“In the case of a failure of the inline tool/appliance –
the bypass makes sure the traffic between N1 and N2 remains up and running.”


“In the case of power failure of the bypass switch itself,
the traffic between N1 and N2 continues to flow thanks to optical/copper relay”

Heartbeat Protection

Protecting the network traffic flow in case of appliance failures.

The BypassP² transmits a user-configurable heartbeat on the appliance ports. In the event of an appliance malfunction (such as a software crash, system failure, or loss of power), the failure is detected, and the BypassP² redirects the traffic intended for the inline appliance to the network ports, allowing it to continue to flow through the network link. This feature also enables the network appliances or network security tools to be removed and replaced without network downtime. Once the system is backed up, or the power is restored to the appliance, it is detected by the BypassP² heartbeat mechanism, and network traffic is seamlessly diverted back to the inline device, allowing it to resume its critical functions.

Failsafe Protection

Protecting the network traffic flow in case of BypassP² failure.

When power fails, the optical relays in the bypass switch ensure that the network flow continues uninterrupted. The optical relays can be configured to fail open or fail close to meet specific deployment needs. This ensures uninterrupted network services under all conditions.

Network Tap

A network tap is an external network device that creates a “copy” of the traffic for use by various monitoring devices. It allows port mirroring and is an intricate part of an organization’s network stack. The tap device is introduced at a point in the path of the network that is felt should be observed, so that it can copy data IP packets and send them to a monitoring device. The network designer will decide where that significant point for the network tap should be placed in the network infrastructure, based on the reason for network interface observation: data gathering, analysis, general network monitoring (such as for saturation and latency), or more critical, such as for intrusion detection, etc. although it taps into the traffic, the network tap does not modify it in any way, and the traffic on the network is unaffected by the act of monitoring or port mirroring. Since the monitoring is performed on a copy of the traffic by a device external to the network, via a tap network adapter, this deployment is often referred to as ‘out of band’.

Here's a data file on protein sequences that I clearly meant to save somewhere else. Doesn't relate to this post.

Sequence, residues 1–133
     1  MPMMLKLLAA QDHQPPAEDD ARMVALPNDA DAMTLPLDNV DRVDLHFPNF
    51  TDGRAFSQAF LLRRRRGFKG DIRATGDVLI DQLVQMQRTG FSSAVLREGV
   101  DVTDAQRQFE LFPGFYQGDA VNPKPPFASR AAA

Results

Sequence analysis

Understanding Bypass Switch

Active Network Taps

These monitoring/tap ports provide a fixed tap configuration. N1(Rx) is connected to T1, N2(Rx) is connected to T2. In case of power failure and hardware devices ceasing to operate, while the network traffic flow is maintained, the integrated active tap point loses its visibility.

Passive Network Taps